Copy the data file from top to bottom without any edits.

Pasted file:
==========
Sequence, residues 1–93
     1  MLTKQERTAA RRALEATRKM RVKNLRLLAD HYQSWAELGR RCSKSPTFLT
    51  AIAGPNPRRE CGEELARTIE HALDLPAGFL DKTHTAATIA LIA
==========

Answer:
Sequence, residues 1–93
     1  MLTKQERTAA RRALEATRKM RVKNLRLLAD HYQSWAELGR RCSKSPTFLT
    51  AIAGPNPRRE CGEELARTIE HALDLPAGFL DKTHTAATIA LIA